The other example is a product called EyeFi . It’s a rather amazing product as it looks like a regular memory card for a digital camera, but it has built-in wifi that automagically (without any wires or docking) uploads photos to your computer or via your home or office’s wi-fi, to a web-based photo hosting/sharing service like Flickr. Yesterday, on Christmas morning, I mentioned on a tweet that I’d received and EyeFi for Christmas and within moments, @eyeficard was following me. The service was a little clunky on Christmas morning, but whoever was responsible for maintaining the @eyeficard Twitter account was responding to any tweets for assistance. It was impressive.
For customer service, these companies also probably use forums, wikis, knowledge-bases and a lot of people answering phone-calls. But yesterday, a 30-second tweet reassured lots of customers that help was within 140 characters and a few seconds away.
[Note: The post also appears on RexBlog.com]
Last week, I attended the annual American Business Media Top Management Meeting in Chicago. Rather than its typical multi-topic conference approach, the meeting focused primarily on presenting the results from a major industry study and recommendations from the consulting firm Booz & Co.
I found the approach refreshing, more like a deep-dive seminar than the typical panel-led sessions of most conferences (did I just telegraph my opinion of most conferences?). The Booz & Co. study (as reported by Hamsa Ramesha for Northwestern University’s Medill News Service) focused on “pathways to profitability” for B2B media companies in a period when traditional media is shrinking and digital media is expanding.
As ABM member companies are fully involved in events, digital and print media, it was not a Print vs. Web thing — most companies are way past that. This study was more focused on the question: “Based on the reality we’re living in, what must your company become to be successful in five years?”
Perhaps one of the reasons I really enjoyed the study results may be the way in which the findings and recommendations so closely correspond to much of what we at Hammock have been focused on during the past couple of years.
While I plan to write much more about this in the coming weeks, let me preview it by saying that the Booz & Co. study finds that for business-to-business media companies to succeed, they must focus on one of two pathways: Being a company that serves end-users (subscribers, attendees, etc.) or being a company that serves marketers (custom media, marketing services, etc.). While companies can offer services that target both end-users and marketers, Booz & Co. have not yet found an example of how a company has become a leader in both strategies.
It makes sense to me why they have not, but the reasons why that is so are going to be a part of my follow-up posts on the topic. (How’s that for a tease?)
In the meantime, let me say, we at Hammock know exactly what our pathway is: We are going to continue to serve savvy marketers in their efforts to generate more profitable relationships with their customers or members.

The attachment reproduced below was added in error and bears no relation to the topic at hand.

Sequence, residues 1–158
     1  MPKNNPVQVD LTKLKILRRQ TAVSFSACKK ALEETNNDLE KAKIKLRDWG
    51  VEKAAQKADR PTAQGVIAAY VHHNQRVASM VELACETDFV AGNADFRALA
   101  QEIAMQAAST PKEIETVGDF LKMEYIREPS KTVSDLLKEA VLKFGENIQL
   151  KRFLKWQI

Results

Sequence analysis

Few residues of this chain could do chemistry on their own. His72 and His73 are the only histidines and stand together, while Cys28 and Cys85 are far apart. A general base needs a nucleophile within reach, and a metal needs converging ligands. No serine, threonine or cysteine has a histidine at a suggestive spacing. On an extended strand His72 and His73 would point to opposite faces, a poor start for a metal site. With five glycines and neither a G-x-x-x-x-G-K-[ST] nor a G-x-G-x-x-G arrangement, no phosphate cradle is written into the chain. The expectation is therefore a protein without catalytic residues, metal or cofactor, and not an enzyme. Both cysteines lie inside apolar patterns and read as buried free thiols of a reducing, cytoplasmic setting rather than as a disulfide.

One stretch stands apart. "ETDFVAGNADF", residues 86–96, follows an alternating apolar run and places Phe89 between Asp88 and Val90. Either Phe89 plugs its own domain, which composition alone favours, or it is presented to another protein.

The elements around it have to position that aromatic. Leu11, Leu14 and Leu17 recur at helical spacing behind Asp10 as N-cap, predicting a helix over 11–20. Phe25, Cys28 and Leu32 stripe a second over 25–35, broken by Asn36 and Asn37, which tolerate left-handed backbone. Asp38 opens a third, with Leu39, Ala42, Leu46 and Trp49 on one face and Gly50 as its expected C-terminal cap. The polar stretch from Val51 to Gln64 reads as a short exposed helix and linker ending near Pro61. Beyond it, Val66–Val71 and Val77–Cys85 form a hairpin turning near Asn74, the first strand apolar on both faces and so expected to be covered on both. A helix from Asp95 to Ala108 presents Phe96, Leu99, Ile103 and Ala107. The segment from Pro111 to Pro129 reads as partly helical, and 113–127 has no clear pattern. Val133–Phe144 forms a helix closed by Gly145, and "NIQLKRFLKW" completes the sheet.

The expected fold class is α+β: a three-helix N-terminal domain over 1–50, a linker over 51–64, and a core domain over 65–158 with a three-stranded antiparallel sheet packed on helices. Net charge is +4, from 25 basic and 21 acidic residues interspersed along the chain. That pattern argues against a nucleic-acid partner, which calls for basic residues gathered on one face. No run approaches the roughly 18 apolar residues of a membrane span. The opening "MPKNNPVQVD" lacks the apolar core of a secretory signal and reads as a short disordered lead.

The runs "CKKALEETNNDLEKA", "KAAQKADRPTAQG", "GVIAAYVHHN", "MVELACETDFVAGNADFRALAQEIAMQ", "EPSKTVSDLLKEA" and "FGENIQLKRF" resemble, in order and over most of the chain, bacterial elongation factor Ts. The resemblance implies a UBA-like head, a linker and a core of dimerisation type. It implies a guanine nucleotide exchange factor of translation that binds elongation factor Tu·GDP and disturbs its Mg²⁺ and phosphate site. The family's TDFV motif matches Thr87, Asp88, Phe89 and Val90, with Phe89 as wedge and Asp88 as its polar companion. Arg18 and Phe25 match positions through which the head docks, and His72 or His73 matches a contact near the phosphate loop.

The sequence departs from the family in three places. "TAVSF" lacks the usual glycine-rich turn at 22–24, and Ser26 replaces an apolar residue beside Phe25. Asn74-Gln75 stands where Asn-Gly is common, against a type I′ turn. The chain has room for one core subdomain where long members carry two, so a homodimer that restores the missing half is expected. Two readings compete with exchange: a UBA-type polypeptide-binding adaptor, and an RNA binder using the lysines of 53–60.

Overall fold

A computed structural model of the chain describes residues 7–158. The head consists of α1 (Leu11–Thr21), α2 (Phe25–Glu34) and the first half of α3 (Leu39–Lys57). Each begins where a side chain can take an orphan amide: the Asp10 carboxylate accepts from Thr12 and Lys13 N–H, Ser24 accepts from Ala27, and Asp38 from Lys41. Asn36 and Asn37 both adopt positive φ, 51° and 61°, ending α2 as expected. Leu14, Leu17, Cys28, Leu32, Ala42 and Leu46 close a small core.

Our services will grow to include even more ways to help marketers accomplish that goal via print and all forms of digital and online media. Our services will also grow in ways that will offer marketers the means to measure and manage such programs in ways that clearly provide tangible business benefits to our clients.
We look forward to the continuation of this journey. And I look forward to posting more about it over the coming weeks.
[Cross-posted on rexblog.com]
Wired editor and author of the book, The Long Tail, Chris Anderson, posted an item on his blog today that contains an observation I believe is so obvious, it is completely missed by many self-appointed experts. (Okay, I’ll admit I live in that glass house.):
“Not only do small (Long Tail) publishers montetize their content at 3-5 times the rate of the larger publishers in PubMatic’s survey, but they’re improving in the current environment while the big publisher decline.
This is a fact of life in business-to-business-media, where the business model has long been focused on “free” distribution of content to decision-makers in specialized fields. The “cost per thousand” (CPM) model of advertising sales does not exist as a metric in this long-tail of the media world. Of course, if an advertiser selling a $100,000 piece of equipment can reach 90% of the decision makers in a market of 5,000 specifying engineers, then, hell-yeah, the publisher of that content should be able to monetize it at hundreds of times the rate of, say, a newsweekly.
The lesson here: Online, if you want to monetize content, the number of eyeballs seeing your content is less important than who those eyeballs belong to. And the more helpful that content is in assisting real people make important and valuable decisions, the more “monetizable” it will be.
We were proud to learn that MyBusiness Magazine, the small business magazine we publish with our friends at NFIB for their 600,000 members, has been named a finalist in the 51st Annual Jesse H. Neal National Business Journalism Awards. Out?of the 1,168 entries, ours was one of 81 to make it to the final round. MyBusiness is one of three finalists in the category of “best department” for its recurring feature, “MyBusiness Manual.” This is the second consecutive year for “My Business Manual” to be a finalist in this category. (Who knows, maybe this year, the judges will see the light!)
Seriously, the Neals are business-to-business magazines’ most prestigious and most sought-after editorial honors. We are proud of the work we and NFIB do in publishing each issue and honored that such work has received this recognition by others. The Neals are presented at a luncheon ceremony in New York on March 16.